Friday | July 25, 2003
Heaviest week of combat since end of war
By Steve Gilliard
Jonathan Steele and AP in Baghdad
Three American soldiers from the 101st Airborne Division, whose troops killed the two sons of Saddam Hussein on Tuesday, died yesterday in an attack on their convoy.
It came under grenade and small-arms fire as it drove towards Qayara, a few miles south of Mosul, where units of the division attacked the house in which the Hussein brothers were hiding.
And the bad news only keeps coming
Washington -- The troop rotation plan announced by the Pentagon this week underscores the strain that the Iraq war has placed on the military.
The plan, revealed Wednesday, sends new waves of troops for yearlong deployments in Iraq to relieve the Army's 3rd Infantry Division and other long- serving units.
But for replacements it relies on foreign troops that have not yet been committed, on two National Guard combat brigades that have not yet been trained for the mission, on an Army division that just returned home from Iraq,
What this means is that largely untrained troops and the 82nd, which has a brigade deployed in Afghanistan as well as Iraq, will be expected to go back there in months. Which means either a lot of retirements or transfers to units not likely to be rotated back quickly.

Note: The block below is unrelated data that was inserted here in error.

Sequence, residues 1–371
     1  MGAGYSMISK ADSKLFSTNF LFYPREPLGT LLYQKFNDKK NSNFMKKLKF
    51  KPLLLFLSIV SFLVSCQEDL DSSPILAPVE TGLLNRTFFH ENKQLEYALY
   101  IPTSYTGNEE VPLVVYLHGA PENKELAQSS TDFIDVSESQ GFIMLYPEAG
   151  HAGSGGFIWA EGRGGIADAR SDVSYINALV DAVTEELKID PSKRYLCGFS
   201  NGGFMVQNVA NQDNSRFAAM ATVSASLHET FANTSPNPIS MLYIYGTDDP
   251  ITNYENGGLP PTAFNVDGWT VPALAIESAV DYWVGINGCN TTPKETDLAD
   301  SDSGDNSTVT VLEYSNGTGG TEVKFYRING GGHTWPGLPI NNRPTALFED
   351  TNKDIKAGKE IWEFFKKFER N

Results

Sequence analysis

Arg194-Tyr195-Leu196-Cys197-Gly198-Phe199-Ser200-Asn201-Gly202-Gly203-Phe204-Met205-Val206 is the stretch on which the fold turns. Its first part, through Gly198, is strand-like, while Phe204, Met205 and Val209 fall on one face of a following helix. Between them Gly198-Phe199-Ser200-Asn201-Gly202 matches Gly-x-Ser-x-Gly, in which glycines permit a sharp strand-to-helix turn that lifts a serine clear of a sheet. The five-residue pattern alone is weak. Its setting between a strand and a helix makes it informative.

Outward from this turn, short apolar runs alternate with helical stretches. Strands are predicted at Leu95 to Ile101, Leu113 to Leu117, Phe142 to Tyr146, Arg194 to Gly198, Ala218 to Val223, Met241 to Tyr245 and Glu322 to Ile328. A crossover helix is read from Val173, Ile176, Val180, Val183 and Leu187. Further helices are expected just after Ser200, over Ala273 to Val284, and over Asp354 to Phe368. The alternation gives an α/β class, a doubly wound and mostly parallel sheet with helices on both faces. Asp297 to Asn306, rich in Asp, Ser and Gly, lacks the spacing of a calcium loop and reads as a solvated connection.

This rotation plan may well get people killed. The gap in training, quality and experience between the active duty infantry battalions and the NG battalions is pretty large. The six month retraining alone should indicate that. Also given the fact that these men tend to be older, with families, expect to see these units lose men before deployment as well.
Factoring foreign troops which may well never show up in Iraq is also a sign that our Army is reaching its limits. Iraq is a clear drain on our national security and makes it much harder to defend against real threats. A majority of the Army is now committed to Iraq for the forseeable future, which should have political consequences, not only at home, but in Iraq, indicating an ongoing occupation which is already fairly unpopular.